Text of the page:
A brief history of Dutch wax prints
The fascinating history of Dutch wax prints came about more by accident than design. In 19th century, the Dutch were not only established players in the gold and silk trade routes in Africa but had extended the empire into the Far East.
They were particularly interested in Java’s (Indonesia) long history of batik printing with a view to exporting it to Europe and also back to the Javanese. However the Javanese technique was both labour intensive and expensive and a cheaper mass market solution was sought.
Eventually the Dutch created a mechanised printing process but were not able to eliminate the rather quirky crackle effect in the designs. As a result, the Javanese considered the prints inferior to their own and the fashionable Europeans found a little too exotic for their genteel tastes.
Meanwhile, on the African continent, despite its own rich history of textile design, missionaries and indentured soldiers known as “black Dutchmen” were slowing introducing Dutch prints as goods and souvenirs.
With no Javanese or European market, the Dutch landed in Ghana, where the interest in their prints made them an instant success.
In the early days, according to Vlisco, a leading a wax print manufacturer, they accepted commissions from wealthy Africans who wanted prints that depicted local folklaw, symbols and colours. The popularity of these local designs helped to boost the wax print industry into a very lucrative trade.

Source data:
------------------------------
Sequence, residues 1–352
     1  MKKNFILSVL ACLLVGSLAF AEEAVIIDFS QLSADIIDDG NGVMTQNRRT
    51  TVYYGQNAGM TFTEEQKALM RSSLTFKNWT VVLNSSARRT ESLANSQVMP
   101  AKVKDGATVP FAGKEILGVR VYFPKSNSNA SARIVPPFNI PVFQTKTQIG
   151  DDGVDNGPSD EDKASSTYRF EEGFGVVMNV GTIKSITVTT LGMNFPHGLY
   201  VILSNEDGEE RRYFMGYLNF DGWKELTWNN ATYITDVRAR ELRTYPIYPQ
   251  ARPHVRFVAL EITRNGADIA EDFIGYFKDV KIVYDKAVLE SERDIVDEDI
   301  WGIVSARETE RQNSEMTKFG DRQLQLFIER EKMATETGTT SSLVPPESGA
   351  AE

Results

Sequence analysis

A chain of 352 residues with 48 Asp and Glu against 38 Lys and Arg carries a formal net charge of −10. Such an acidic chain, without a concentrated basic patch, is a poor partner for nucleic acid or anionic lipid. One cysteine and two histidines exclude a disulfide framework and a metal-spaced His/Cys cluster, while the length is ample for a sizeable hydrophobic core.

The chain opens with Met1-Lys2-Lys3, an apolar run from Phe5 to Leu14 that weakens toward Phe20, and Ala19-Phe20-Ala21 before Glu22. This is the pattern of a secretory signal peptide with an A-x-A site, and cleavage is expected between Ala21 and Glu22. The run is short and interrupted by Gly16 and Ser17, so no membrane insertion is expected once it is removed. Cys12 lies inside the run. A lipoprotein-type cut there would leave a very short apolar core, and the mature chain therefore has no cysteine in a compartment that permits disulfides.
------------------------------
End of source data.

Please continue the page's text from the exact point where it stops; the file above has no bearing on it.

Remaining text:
Traditional designs of Dutch wax prints either have literal meanings or depict local customs, beliefs or proverbs in pictorial form. Some designs are commissioned to celebrate a special event or even show solidarity to a political moment. The designs push the boundaries of colour and fizz with extremes: vivid dramatic colours against bold / abstract / geometric or figurative designs. Some designs were held in such regard they became part of a dowry package or became celebrated Dutch wax "classics".
The Dutch eventually went on to create their own designs, but it is the early African influence that played an important role in the classic wax print designs we still enjoy.
Today, the best, most authentic African prints are still to be found in Ghana. They form part of the oral tradition and have a direct connection to locality. It is a tradition that is distinctly unique to the African heritage and one that should always be celebrated.
Main photos: Anna Fayemi - styling: Stéphanie Moussé - hair and make up: Sandra Bermingham - model: Sherene McNichols
“code Noir” http://jshc.org/emergence-of-the-martiniquan-gwan-wob/
EK Howard - Symbolic significance of Arican Prints: A dying phenonmenon in contemporary print designs in Ghana